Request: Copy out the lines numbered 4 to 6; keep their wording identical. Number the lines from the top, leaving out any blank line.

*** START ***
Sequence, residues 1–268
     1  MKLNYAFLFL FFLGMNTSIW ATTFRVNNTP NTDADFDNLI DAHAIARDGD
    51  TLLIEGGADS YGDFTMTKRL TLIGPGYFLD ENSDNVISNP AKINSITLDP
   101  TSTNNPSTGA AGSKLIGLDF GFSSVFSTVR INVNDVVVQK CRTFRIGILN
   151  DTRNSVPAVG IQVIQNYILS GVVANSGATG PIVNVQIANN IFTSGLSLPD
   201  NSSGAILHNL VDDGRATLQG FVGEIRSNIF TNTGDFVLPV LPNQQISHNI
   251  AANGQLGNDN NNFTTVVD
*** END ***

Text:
   101  TSTNNPSTGA AGSKLIGLDF GFSSVFSTVR INVNDVVVQK CRTFRIGILN
   151  DTRNSVPAVG IQVIQNYILS GVVANSGATG PIVNVQIANN IFTSGLSLPD
   201  NSSGAILHNL VDDGRATLQG FVGEIRSNIF TNTGDFVLPV LPNQQISHNI